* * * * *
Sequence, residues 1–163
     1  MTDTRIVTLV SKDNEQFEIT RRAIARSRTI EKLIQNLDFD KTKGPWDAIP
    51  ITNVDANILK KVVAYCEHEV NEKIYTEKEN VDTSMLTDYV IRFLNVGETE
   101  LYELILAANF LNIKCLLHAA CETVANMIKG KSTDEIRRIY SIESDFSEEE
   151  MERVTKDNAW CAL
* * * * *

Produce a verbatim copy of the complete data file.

Sequence, residues 1–163
     1  MTDTRIVTLV SKDNEQFEIT RRAIARSRTI EKLIQNLDFD KTKGPWDAIP
    51  ITNVDANILK KVVAYCEHEV NEKIYTEKEN VDTSMLTDYV IRFLNVGETE
   101  LYELILAANF LNIKCLLHAA CETVANMIKG KSTDEIRRIY SIESDFSEEE
   151  MERVTKDNAW CAL